“The decision is a welcome defense of what’s left of the separation of powers.”
—Corbin K. Barthold, WLF Senior Litigation Counsel
WASHINGTON, DC—The U.S. Supreme Court today ruled in Seila Law v. Consumer Financial Protection Bureau that Congress may not insulate sole-director federal agency heads from at-will removal by the President. WLF filed an amicus brief in the case urging this outcome.
The framers of our Constitution granted the President a broad executive removal power. This can be seen in (among other places) Article II’s clauses vesting “the executive Power” in a single “President” who must “take Care that the Laws be faithfully executed.” In 1935, however, the Supreme Court declared in Humphrey’s Executor v. United States that Congress may grant for-cause removal protection to a principal officer on a panel of purportedly neutral “experts.”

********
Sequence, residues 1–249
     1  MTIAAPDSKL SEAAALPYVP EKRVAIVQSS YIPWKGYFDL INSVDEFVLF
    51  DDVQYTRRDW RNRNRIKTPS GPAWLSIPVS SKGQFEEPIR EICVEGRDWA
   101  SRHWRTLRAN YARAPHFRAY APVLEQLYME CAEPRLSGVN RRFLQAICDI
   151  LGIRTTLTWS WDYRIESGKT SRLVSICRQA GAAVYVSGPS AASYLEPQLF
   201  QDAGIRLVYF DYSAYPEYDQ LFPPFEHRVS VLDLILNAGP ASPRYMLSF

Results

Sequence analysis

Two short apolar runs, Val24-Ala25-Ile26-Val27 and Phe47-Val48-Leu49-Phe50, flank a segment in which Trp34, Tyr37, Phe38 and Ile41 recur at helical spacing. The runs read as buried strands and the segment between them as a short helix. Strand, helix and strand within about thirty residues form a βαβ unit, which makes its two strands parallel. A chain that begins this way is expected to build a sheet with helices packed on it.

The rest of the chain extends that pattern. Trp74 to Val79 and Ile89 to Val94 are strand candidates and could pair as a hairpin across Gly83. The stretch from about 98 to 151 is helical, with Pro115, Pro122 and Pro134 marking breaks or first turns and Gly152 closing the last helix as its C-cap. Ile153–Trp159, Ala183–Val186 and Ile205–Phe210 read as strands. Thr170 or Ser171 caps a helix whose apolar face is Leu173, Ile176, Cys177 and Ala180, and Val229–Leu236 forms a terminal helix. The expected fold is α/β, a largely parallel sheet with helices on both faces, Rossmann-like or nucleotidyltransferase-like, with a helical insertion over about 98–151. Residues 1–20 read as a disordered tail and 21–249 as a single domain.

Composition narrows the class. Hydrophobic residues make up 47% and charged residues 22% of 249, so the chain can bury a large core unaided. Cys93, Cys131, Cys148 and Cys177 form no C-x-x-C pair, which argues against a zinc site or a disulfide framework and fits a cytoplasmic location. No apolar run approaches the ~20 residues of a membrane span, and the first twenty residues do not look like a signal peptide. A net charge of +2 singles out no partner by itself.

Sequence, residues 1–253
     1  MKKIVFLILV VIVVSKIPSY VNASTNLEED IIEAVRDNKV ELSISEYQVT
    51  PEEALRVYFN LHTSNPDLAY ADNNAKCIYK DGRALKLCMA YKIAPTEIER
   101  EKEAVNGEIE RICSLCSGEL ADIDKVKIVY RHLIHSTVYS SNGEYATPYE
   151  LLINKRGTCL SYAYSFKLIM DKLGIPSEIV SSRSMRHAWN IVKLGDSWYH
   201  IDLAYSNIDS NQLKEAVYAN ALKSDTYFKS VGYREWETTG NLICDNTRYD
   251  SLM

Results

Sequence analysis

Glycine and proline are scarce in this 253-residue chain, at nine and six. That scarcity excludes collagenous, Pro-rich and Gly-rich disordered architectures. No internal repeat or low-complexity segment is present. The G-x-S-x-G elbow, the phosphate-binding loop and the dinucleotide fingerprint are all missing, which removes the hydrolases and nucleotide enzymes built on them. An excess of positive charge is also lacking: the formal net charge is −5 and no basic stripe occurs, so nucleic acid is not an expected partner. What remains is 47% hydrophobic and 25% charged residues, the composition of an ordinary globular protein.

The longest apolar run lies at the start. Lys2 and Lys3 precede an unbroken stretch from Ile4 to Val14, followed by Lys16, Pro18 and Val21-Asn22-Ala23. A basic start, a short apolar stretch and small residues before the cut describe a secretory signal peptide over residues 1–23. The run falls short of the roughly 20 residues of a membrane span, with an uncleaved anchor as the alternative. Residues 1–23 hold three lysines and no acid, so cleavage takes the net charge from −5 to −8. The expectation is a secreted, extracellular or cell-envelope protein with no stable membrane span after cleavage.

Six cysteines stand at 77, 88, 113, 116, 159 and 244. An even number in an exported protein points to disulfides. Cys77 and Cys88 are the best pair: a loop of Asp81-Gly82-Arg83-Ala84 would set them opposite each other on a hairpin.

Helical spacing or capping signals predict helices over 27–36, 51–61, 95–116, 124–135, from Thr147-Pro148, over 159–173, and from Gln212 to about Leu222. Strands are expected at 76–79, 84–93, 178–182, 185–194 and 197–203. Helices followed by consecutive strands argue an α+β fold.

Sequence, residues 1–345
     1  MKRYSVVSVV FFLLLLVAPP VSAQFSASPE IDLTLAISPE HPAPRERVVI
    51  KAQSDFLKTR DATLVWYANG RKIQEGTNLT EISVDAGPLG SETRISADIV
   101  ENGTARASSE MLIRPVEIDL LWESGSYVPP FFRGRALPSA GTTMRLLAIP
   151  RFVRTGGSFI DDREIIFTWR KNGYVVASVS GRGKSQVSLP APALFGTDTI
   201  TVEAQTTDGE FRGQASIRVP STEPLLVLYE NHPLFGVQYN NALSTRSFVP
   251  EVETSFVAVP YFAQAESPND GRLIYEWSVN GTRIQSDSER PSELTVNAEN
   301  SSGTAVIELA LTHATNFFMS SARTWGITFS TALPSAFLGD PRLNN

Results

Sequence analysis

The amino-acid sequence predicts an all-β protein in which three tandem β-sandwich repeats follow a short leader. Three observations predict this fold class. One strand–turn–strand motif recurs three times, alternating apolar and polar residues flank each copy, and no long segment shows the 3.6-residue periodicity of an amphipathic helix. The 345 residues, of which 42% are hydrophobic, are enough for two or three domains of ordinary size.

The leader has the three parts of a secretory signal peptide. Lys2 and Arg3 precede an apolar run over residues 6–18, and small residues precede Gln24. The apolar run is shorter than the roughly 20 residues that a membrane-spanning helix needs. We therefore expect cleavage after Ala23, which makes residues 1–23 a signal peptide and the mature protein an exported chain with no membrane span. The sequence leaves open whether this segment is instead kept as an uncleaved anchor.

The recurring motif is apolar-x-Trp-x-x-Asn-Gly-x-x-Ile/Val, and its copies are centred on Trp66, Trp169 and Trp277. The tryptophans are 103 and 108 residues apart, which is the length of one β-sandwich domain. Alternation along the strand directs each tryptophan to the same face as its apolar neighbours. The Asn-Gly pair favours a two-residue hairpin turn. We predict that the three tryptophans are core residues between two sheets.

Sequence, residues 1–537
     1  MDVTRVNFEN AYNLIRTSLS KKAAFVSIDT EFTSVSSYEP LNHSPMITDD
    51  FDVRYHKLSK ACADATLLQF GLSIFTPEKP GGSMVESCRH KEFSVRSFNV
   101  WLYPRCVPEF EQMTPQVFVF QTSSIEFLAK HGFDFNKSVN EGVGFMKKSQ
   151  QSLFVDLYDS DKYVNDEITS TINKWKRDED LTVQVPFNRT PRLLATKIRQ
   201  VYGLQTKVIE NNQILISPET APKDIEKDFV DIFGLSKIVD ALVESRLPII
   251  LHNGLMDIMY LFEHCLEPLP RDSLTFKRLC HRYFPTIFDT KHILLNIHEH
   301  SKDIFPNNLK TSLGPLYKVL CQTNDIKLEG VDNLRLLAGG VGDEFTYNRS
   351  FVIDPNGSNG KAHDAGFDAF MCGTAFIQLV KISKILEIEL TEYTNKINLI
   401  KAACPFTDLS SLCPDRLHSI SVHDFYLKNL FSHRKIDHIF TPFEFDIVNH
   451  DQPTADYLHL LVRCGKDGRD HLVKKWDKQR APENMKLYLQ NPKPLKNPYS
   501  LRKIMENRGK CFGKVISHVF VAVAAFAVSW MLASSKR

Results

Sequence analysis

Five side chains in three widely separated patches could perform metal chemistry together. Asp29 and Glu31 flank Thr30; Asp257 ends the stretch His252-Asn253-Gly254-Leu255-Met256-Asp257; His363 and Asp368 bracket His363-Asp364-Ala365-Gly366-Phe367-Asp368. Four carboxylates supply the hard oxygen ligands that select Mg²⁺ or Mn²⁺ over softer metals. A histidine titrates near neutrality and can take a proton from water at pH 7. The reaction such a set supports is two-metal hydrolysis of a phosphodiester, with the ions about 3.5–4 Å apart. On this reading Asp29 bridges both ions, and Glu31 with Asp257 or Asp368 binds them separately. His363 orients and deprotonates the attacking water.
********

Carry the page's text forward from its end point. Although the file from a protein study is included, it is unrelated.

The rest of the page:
In a 5-4 ruling, the Court holds in Seila Law that Humphrey’s Executor does not extend to agencies headed by a single director. “In our constitutional system,” the Court confirms, “the executive power belongs to the President, and that power generally includes the ability to supervise and remove the agents who wield executive power in his stead.”
WLF’s amicus brief in the case engaged in an extensive review of the history of the removal power. The breadth of that power can be seen, WLF argued, in English history, in the text and structure of the Constitution, and in over a century of unbroken executive-branch practice after the founding.
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